British Council Creative Economy

Menu Show search

15 July 2014

When in Nikola-Lenivets...

FutureEverything, Kimchi and Chips and the British Council take part in Russia's largest open air digital festival.

Alexander Delovoy/British Council Russia

'Universal Mind', Nikolay Polissky's sculpture, is also the main stage for the festival.

In preparation for our FutureEverything Moscow programme (November, 2014), we worked with the FutureEverything team and Russia’s largest sculpture Park, Nikola-Lenivets, to host a second Culture Shift/Art Lab (Digital Emulsion) in May, 2014, to support the generation of ideas and installation projects for the Park’s annual digital arts’ festival.

Located 200km away from Moscow in the Kaluga region (one of Russia’s leading cultural, education and scientific hubs), Nikola-Lenivets is a one of a kind experiment. Partly a village and partly an open air artistic project inside the UNESCO-listed biosphere reserve of Ugra National Park, it aims to ‘create a natural self-regulated environment for life, recreation, art and work in harmony for nature’ through an incredible infrastructure which hosts residences, workshops and is home to a series of landscape installations - predominantly the work of Nikolay Polissky, Russia’s ‘only land-artist’.  

Together with Nikolay’s son, Ivan, FutureEverything’s Tom Higham and Elliot Woods and Mimi Son from Kimchi+Chips, we produced a lab to provide a space for creative ideas' generation through rapid prototyping, creative experimentation and low risk play. The programme focused on the use of vvvv and custom-built digital emulsion shaders, and a winning team received further support to install and perform their piece at New Media Night, Nikola-Lenivets’ annual celebration of digital art (4-6 July 2014).

Alexander Delovoy/British Council Russia

'Digital Emulsion', Russia's second Culture Shift, took place at Nikola-Lenivets in May 2014.

Alexander Delovoy/British Council Russia

'Hidden', the workshops' winning proposal, is inspired by the principle of anamorphosis.

Alexander Delovoy/British Council Russia

'Hidden' being performed at the festival on 5 July, 2014.

The winning commission
Hidden, the workshops' winning proposal , is based on the principle of anamorphosis (i.e. when abstract forms shape into recognisable images due to perspective distortion). Viewers interact with the object by searching for the right angle to look at it, so that distinct pieces of the installation become one.

The installation is dedicated to 'Nikola-Lenivets' lost objects'. Following Maslenitsa traditions, a Russian/Eastern Slavic spring celebration, the park organisers burn art objects specially created for the celebration. The creators of Hidden wanted to remind viewers of those burnt artworks by projecting images of fire together with archive videos from previous Maslenitsa celebrations at Nikola-Lenivets.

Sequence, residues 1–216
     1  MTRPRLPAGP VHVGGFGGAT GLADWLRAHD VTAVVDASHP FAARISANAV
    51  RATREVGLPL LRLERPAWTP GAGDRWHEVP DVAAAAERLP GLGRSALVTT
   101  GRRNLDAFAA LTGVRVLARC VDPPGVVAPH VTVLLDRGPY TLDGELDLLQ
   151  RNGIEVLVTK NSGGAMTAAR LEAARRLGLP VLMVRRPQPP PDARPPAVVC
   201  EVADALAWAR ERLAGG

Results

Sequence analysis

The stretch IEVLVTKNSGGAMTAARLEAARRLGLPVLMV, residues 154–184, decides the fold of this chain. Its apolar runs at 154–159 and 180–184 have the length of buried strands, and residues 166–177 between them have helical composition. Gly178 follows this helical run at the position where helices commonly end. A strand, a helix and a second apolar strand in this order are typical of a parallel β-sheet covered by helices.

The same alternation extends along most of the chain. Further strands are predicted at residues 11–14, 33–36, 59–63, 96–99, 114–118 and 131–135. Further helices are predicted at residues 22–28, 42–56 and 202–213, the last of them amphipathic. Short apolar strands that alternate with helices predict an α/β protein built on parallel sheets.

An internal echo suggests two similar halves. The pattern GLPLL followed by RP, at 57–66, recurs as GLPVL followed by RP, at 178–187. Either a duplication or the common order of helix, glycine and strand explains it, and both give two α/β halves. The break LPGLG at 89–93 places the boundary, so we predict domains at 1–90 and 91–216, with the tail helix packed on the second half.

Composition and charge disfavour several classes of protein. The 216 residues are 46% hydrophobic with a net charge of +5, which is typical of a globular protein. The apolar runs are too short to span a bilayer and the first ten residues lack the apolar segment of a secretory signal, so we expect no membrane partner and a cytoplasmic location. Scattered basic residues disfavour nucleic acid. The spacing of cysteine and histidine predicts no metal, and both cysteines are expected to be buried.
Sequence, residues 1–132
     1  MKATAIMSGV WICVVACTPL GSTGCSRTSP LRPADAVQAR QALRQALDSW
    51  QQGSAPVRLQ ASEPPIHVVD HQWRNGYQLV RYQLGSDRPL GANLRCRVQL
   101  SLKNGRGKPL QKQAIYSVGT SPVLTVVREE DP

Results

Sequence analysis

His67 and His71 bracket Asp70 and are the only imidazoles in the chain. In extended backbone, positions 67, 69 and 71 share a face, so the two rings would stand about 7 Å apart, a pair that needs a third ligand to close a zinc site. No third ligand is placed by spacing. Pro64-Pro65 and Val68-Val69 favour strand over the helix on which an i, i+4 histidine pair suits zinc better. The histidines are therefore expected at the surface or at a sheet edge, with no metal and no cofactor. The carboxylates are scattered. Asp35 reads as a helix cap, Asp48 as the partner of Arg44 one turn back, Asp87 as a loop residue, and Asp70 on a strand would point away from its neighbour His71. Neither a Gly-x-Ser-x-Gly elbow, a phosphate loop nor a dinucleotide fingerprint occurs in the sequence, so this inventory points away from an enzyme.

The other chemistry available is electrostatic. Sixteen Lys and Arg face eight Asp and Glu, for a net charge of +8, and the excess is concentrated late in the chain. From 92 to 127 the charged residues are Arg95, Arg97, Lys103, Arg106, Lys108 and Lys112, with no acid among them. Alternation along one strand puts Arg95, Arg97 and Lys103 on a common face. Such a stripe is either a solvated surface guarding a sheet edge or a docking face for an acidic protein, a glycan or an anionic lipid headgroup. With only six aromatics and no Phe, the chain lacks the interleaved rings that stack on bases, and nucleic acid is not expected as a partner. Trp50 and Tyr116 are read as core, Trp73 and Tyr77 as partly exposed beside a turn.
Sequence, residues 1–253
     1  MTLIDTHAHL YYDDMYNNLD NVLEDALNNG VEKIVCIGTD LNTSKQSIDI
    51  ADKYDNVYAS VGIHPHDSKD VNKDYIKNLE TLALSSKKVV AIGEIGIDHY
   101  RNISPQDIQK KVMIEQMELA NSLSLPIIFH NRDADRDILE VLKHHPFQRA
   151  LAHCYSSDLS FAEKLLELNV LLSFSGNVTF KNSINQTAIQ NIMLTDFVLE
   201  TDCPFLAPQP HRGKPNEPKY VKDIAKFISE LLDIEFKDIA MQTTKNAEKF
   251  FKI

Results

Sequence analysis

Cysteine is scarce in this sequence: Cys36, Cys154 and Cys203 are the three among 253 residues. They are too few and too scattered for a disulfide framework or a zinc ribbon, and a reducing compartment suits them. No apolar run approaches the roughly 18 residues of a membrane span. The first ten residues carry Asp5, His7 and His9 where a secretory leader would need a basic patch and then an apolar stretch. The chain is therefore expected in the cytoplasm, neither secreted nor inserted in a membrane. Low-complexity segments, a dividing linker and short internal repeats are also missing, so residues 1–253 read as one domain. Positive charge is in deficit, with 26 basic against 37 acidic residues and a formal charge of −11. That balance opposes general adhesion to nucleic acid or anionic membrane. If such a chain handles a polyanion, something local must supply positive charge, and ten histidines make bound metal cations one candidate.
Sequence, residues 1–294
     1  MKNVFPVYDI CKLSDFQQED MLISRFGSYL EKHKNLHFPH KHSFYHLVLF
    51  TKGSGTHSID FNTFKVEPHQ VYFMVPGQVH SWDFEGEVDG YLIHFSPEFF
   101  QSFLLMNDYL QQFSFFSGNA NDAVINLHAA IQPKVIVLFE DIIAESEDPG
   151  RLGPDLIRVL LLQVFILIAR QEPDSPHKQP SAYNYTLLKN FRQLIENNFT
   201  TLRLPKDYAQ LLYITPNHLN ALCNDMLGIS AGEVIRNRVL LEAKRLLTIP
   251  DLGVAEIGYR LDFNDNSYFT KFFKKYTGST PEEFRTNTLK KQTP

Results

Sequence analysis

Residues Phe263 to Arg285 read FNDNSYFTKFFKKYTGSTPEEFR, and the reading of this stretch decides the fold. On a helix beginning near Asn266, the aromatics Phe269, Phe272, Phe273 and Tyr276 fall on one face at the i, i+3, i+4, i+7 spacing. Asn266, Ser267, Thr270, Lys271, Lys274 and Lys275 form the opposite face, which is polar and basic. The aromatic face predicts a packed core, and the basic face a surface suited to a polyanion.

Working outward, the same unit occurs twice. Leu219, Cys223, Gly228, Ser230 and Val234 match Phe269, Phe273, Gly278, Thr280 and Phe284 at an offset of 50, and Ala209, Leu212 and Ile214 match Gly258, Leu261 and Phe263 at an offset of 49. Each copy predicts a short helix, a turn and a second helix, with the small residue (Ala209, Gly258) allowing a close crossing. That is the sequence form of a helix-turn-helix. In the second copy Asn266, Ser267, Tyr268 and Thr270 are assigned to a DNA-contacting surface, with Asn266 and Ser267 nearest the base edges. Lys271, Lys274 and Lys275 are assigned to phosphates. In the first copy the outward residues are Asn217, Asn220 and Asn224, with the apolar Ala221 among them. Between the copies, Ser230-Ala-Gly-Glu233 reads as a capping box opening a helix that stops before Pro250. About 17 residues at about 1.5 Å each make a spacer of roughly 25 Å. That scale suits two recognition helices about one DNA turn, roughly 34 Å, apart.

Video 'fragments' floated in the night, creating whole images when looked at from the right angle, and helped illuminate the visitor's path in between two of the main New Media Night's installations (Brodskiy’s Rotunda and Bernaskoni’s Arch).

The whole project was directed by Gia Dzhahaaa and Vladislav Nakoryakov from the ATTRACTOR team, and by Theory and Practice's editor Furkat Palvanadze.

Alexander Delovoy/British Council Russia

Elliot Woods and Mimi Son from Kimchi and Chips, in front of 'Light Barrier'.

Kimchi+Chips’ Light Barrier
As experts in vvvv and digital light exploration, we also commissioned Elliot and Mimi to develop a piece for the festival. Light Barrier (2014) combines dozens of convex mirrors, scanning and projection technology to create phantoms of light in the air. The piece creates floating graphic objects which animate through space as they do through time - and the effect is mesmerizing. Read more about the piece and their creators here.

Pablo Rossello

Kimchi and Chips' Light Barrier at the opening night of the Nikola Lenivets' festival.

Alexander Delovoy/British Council Russia

Alexander Delovoy/British Council Russia

The festival goes on from midnight until dawn.

Digital Emulsion took place at Nikola Lenivets Art Park from 22-25 May 2014 and was delivered by the British Council, FutureEverything and Kimchi+Chips. The annual New Media Night festival took place on 4-6 July 2014 and showcased Light Barrier for the first time. The project is part of our FutureEverything Moscow programme, which will take place in late November 2014 and will be the first time this much-loved digital culture festival leaves Manchester. The festival is produced and curated by FutureEverything in collaboration with the British Council.